Barbara Benton, Editor

by Helen Diehl Olds

My first job was with a small-town weekly newspaper. Thatís one of those backgrounds you never really get away from, and in this case, it meant that reading about Barbaraís adventures was a nostalgia trip. True, my first job, although a while back, was not as far back as the events in the book by about thirty years, but small towns and their newspapers didnít change a whole lot in the meantime, however much theyíve changed since.

As for how Barbara (aka Babs), age almost-sixteen, manages to become a newspaper editor -- well, her mother owns the business. But itís not really that simple; Nell Benton is about the only white working woman in her small Texas town. (She points out that itís okay for her to work, since sheís a Yankee -- but Southern ladies are different.) And she owns the paper because when her husband died and left her only some non-oil Texas real estate she invested the proceeds in a business she knew and could operate with two small children underfoot.

Some years of this have taken a toll on her health, and she feels secure enough now to hire a temporary manager and spend the summer recuperating with relatives in California, leaving Babs to mind her nine-year-old brother. Well, you know what happens next. The manager is a crook; a political syndicate is trying to take over small town papers; the boy next door runs away from home; Babs little brother gets in some cute small-boy trouble; and to top it all off Lost Baby Syndrome strikes. (Has there ever been a heroine with journalism ambitions who hasnít got stuck with a homeless baby at some point? It even happened to Beany Malone, as I recall.) Babs triumphs. The paper survives, the town gets paved streets (she gets to break a bottle over the prow of the first piece of paving equipment), the runaway returns, and so does Nell, having written a book and found a publisher for it. Babs is just as glad to be going back to school in the fall after all -- itíll be a lot easier than what sheís been doing!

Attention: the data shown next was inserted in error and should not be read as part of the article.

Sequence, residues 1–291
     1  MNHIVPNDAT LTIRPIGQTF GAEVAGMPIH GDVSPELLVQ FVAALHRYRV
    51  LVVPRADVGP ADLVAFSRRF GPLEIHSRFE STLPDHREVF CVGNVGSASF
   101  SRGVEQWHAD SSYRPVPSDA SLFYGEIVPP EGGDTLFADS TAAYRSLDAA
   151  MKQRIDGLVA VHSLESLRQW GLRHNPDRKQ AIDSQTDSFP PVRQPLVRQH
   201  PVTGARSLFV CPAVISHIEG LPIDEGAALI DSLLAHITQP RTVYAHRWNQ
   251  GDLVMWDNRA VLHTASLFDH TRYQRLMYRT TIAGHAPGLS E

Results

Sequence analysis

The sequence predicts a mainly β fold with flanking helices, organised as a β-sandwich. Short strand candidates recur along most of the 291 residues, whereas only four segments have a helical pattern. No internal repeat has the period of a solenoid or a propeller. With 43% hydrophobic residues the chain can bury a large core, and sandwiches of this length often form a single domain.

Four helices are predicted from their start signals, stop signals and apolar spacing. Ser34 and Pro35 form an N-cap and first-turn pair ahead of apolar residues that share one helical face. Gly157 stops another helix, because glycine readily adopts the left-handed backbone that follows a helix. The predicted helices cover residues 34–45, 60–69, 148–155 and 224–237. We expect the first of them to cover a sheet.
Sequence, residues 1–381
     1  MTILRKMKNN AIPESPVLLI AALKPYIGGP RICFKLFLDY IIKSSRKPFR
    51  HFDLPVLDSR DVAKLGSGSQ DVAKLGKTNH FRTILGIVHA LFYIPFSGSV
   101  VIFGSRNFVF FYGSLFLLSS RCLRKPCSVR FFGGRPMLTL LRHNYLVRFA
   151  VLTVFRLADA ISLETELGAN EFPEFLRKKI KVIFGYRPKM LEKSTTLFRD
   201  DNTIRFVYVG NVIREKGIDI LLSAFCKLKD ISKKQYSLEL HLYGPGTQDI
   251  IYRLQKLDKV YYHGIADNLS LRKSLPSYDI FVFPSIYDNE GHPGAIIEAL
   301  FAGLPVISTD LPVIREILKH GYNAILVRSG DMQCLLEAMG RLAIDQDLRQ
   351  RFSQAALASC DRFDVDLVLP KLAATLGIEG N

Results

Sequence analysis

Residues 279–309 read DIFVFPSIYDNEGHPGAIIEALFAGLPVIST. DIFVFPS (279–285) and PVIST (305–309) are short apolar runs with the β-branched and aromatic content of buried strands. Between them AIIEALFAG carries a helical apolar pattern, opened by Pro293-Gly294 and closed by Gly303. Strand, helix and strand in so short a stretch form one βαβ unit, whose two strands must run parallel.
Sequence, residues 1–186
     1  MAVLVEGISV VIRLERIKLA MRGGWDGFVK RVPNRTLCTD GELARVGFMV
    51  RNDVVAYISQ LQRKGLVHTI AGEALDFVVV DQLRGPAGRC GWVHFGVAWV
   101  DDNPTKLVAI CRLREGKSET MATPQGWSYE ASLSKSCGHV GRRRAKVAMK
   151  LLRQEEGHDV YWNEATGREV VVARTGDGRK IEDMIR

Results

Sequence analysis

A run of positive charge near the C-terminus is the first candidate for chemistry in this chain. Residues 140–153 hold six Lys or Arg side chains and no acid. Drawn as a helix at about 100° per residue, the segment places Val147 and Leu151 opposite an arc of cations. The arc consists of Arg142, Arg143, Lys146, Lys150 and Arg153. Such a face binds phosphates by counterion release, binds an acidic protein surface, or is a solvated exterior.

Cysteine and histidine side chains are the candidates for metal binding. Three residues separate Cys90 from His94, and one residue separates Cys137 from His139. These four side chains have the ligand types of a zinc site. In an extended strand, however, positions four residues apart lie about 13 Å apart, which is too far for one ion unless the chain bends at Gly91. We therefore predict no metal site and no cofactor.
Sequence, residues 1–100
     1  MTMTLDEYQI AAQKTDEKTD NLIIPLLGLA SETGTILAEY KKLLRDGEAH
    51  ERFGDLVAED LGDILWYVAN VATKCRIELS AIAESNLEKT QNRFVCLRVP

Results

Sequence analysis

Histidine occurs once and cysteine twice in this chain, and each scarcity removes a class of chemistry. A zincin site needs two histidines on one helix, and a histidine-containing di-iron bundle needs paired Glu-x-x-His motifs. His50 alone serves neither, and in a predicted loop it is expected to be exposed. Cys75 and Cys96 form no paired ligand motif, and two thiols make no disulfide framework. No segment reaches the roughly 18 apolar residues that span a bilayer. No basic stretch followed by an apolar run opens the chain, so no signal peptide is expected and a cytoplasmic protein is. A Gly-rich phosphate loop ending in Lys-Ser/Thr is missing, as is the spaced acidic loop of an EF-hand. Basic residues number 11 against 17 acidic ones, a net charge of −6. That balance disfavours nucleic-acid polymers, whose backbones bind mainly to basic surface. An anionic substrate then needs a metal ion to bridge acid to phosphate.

And along the way the reader gets a nice chunk of East Texas life in 1930. Itís a hundred miles to Houston, so when you get to make the trip you grab the chance to go to a talkie; El Tampaís school is new and up-to-date, including radios in each classroom so the students can listen to the Damrosch concerts from New York on Fridays; they have birdscares (scarecrows) guarding the rice fields; in the three-generation house next door, Grandma and Grandpa suffer the tyranny of their daughter (who thinks "retired" ought to equal "unoccupied" -- Grandma would rather be running a nursery school); nine-year-old boys are able to buy guns "that really shoot" without anyone questioning it (and are allowed to keep them when they get home!); and through it all the El Tampa Leader faithfully reports the color of the flower arrangements at Mrs. Smithís tea, who attended the Jones girlís wedding, and the outcome of last weekís near-accident between a dog and a bicycle on Main Street.

Ah, yes. I wrote a lot of stories like that myself. Why donít we get news like that any more?

© 1996 Jo Anne Fatherly

(This review first appeared in The Whispered Watchword, the newsletter of The Phantom Friends)